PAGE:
4. Ask Questions

    Asking questions is one of the best ways to show you’re interested. If someone is telling you about their ski trip to Mammoth, don’t respond with, “that’s nice.” That would show a lack of interest and disrespect. Instead, you can ask, “how long have you been skiing?” “Did you find it difficult to learn?” “What was your favorite part of the trip?” etc. The person will think highly of you and consider you a great conversationalist just by you asking a few questions.

    5. Just Listen

    This may seem counterintuitive. When you’re conversing with someone, it’s usually back and forth. On occasion, all that is required of you is to listen, smile, or nod your head, and your speaker will feel like they’re really being heard and understood.

    I once sat with a client for 45 minutes without saying a word. She came into my office in distress. I had her sit down, and then she started crying softly. I sat with her—that’s all I did. At the end of the session, she stood, told me she felt much better, and then left.

    I have to admit that 45 minutes without saying a word was tough. But she didn’t need me to say anything. She needed a safe space in which she could emote without interruption, judgment, or me trying to “fix” something.

    6. Remember and Follow Up

    Part of being a great listener is remembering what the speaker has said to you, then following up with them.

    For example, in a recent conversation you had with your co-worker Jacob, he told you that his wife had gotten a promotion and that they were contemplating moving to New York. The next time you run into Jacob, you may want to say, “Hey, Jacob! Whatever happened with your wife’s promotion?” At this point, Jacob will know you really heard what he said and that you’re interested to see how things turned out. What a gift!

    According to new research, “people who ask questions, particularly follow-up questions, may become better managers, land better jobs, and even win second dates.”[3]

    It’s so simple to show you care. Just remember a few facts and follow up on them. If you do this regularly, you will make more friends.

    7. Keep Confidential Information Confidential

    If you really want to be a better listener, listen with care. If what you’re hearing is confidential, keep it that way, no matter how tempting it might be to tell someone else, especially if you have friends in common. Being a good listener means being trustworthy and sensitive with shared information.

    Whatever is told to you in confidence is not to be revealed. Assure your speaker that their information is safe with you. They will feel relieved that they have someone with whom they can share their burden without fear of it getting out.

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    Keeping someone’s confidence helps to deepen your relationship. Also, “one of the most important elements of confidentiality is that it helps to build and develop trust. It potentially allows for the free flow of information between the client and worker and acknowledges that a client’s personal life and all the issues and problems that they have belong to them.”[4]

    Be like a therapist: listen and withhold judgment.

    NOTE: I must add here that while therapists keep everything in a session confidential, there are exceptions:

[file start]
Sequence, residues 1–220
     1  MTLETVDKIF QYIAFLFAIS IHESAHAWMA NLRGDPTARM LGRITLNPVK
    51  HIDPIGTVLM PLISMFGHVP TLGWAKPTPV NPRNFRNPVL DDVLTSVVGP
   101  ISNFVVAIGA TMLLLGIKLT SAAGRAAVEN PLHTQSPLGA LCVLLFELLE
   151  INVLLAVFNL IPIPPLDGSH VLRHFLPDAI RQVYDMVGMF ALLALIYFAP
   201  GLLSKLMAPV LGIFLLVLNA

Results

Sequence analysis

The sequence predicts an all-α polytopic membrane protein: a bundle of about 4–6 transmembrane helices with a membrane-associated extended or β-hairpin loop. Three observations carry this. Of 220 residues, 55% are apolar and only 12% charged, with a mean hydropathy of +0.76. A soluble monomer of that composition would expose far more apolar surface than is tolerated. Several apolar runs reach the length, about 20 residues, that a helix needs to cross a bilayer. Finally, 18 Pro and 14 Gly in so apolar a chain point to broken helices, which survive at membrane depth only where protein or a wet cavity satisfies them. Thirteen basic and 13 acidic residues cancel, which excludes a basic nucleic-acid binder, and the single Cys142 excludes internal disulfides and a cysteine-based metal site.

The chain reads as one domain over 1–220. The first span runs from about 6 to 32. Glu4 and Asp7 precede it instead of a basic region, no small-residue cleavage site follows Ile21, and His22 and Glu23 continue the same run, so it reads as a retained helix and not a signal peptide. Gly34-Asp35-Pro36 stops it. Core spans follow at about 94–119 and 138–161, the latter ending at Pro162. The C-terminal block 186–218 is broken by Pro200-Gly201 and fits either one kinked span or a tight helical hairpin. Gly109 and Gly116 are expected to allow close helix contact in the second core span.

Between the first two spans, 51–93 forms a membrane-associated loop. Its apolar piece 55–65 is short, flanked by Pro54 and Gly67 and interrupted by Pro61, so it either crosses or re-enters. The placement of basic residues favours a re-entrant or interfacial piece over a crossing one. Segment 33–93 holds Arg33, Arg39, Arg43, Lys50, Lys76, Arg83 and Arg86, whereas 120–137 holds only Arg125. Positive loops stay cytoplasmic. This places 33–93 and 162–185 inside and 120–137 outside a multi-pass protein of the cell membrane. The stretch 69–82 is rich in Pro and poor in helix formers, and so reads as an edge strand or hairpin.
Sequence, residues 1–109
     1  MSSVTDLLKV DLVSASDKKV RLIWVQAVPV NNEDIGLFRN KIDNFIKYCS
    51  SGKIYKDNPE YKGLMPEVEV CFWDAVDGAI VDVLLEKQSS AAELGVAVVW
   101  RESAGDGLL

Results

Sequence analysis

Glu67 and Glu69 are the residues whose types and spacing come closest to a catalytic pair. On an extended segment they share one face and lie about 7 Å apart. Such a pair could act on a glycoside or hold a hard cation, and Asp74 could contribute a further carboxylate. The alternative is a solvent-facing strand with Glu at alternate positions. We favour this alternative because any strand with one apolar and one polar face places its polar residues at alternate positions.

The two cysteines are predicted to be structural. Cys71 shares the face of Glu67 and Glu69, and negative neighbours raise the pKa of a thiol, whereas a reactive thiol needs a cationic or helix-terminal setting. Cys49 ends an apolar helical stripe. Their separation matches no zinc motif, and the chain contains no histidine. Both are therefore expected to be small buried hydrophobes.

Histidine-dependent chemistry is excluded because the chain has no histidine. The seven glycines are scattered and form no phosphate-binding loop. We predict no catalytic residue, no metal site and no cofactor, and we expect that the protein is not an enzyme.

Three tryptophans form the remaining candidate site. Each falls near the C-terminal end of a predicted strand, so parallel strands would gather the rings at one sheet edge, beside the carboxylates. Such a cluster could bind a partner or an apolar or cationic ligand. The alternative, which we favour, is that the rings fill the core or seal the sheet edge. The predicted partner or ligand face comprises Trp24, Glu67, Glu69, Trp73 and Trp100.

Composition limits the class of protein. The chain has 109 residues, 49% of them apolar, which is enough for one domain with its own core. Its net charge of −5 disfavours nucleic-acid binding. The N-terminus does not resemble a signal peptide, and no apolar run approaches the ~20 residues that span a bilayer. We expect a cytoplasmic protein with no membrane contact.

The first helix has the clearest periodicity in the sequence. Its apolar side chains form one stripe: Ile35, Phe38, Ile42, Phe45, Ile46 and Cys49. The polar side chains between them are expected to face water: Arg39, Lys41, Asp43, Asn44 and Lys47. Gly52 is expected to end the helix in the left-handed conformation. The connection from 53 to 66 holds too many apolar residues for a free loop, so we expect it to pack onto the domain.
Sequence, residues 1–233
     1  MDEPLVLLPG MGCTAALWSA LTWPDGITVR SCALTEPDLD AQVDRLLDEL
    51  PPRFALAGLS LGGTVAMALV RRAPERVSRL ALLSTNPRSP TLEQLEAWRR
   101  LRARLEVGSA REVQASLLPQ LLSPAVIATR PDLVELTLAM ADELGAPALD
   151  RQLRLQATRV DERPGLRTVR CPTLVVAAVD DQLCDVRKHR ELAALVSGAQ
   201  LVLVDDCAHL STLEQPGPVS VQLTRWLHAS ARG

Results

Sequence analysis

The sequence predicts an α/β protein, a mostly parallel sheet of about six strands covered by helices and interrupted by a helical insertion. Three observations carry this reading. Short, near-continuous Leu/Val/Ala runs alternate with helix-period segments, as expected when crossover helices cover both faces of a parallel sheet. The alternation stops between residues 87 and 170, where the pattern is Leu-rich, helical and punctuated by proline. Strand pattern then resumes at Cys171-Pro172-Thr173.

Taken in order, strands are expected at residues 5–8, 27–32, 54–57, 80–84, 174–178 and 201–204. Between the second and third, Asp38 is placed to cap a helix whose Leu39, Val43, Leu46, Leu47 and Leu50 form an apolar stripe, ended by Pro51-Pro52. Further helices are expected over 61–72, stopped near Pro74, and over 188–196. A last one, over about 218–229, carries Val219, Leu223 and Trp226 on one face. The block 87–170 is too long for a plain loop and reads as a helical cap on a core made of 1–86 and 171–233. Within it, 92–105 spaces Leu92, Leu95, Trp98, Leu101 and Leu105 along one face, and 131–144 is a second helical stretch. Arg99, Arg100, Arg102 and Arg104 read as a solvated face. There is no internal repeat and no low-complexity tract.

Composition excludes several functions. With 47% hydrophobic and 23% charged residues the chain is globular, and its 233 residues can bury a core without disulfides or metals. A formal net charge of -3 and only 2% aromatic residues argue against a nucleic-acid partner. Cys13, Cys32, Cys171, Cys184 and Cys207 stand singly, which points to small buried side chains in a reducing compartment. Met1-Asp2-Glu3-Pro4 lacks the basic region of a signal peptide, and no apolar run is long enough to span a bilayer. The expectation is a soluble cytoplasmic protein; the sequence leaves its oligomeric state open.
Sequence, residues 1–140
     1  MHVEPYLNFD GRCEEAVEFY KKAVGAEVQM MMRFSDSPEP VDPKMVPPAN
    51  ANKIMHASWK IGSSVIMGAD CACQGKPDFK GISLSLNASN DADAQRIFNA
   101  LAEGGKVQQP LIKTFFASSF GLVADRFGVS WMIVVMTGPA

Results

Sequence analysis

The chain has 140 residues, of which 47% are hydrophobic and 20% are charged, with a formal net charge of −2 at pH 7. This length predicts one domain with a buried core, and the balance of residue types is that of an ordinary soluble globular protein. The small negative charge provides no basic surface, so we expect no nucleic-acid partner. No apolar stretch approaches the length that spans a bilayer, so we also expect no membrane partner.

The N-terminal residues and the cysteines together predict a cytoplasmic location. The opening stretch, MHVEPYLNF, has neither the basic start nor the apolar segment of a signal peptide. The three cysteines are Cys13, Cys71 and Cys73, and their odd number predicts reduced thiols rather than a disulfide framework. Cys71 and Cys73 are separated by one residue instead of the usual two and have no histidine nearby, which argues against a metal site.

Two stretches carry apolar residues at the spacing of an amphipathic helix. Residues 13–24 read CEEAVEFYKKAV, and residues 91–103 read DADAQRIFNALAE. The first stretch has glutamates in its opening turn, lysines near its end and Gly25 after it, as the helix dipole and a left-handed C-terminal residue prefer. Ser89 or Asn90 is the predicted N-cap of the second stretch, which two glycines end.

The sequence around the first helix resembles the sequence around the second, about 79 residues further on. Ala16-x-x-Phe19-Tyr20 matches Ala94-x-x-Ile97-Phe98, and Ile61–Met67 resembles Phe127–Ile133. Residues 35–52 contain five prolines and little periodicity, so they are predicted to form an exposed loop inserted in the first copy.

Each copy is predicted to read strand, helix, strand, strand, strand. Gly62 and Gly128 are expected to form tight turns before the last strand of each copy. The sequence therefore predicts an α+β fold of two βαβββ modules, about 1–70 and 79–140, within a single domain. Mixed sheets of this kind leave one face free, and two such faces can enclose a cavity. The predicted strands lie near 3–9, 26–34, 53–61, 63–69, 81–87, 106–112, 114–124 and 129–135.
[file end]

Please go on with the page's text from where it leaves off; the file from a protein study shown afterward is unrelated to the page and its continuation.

1. If the client may be an immediate danger to himself or others.
    2. If the client is endangering a population that cannot protect itself, such as in the case of a child or elder abuse.

    8. Maintain Eye Contact

    When someone is talking, they are usually saying something they consider meaningful. They don’t want their listener reading a text, looking at their fingernails, or bending down to pet a pooch on the street. A speaker wants all eyes on them. It lets them know that what they’re saying has value.

    Eye contact is very powerful. It can relay many things without anything being said. Currently, it’s more important than ever with the Covid-19 Pandemic. People can’t see your whole face, but they can definitely read your eyes.

    By eye contact, I don’t mean a hard, creepy stare—just a gaze in the speaker’s direction will do. Make it a point the next time you’re in a conversation to maintain eye contact with your speaker. Avoid the temptation to look anywhere but at their face. I know it’s not easy, especially if you’re not interested in what they’re talking about. But as I said, you can redirect the conversation in a different direction or just let the person know you’ve got to get going.

    Final Thoughts

    Listening attentively will add to your connection with anyone in your life. Now, more than ever, when people are so disconnected due to smartphones and social media, listening skills are critical.

    You can build better, more honest, and deeper relationships by simply being there, paying attention, and asking questions that make the speaker feel like what they have to say matters.

    And isn’t that a great goal? To make people feel as if they matter? So, go out and start honing those listening skills. You’ve got two great ears. Now use them!

    More Tips on How to Be a Better Listener

    Featured photo credit: Joshua Rodriguez via unsplash.com

    Reference

    [1] Skills You Need: Active Listening
    [2] Filtered: Body language for active listening
    [3] Forbes: People Will Like You More If You Start Asking Follow-up Questions
    [4] TAFE NSW Sydney eLearning Moodle: Confidentiality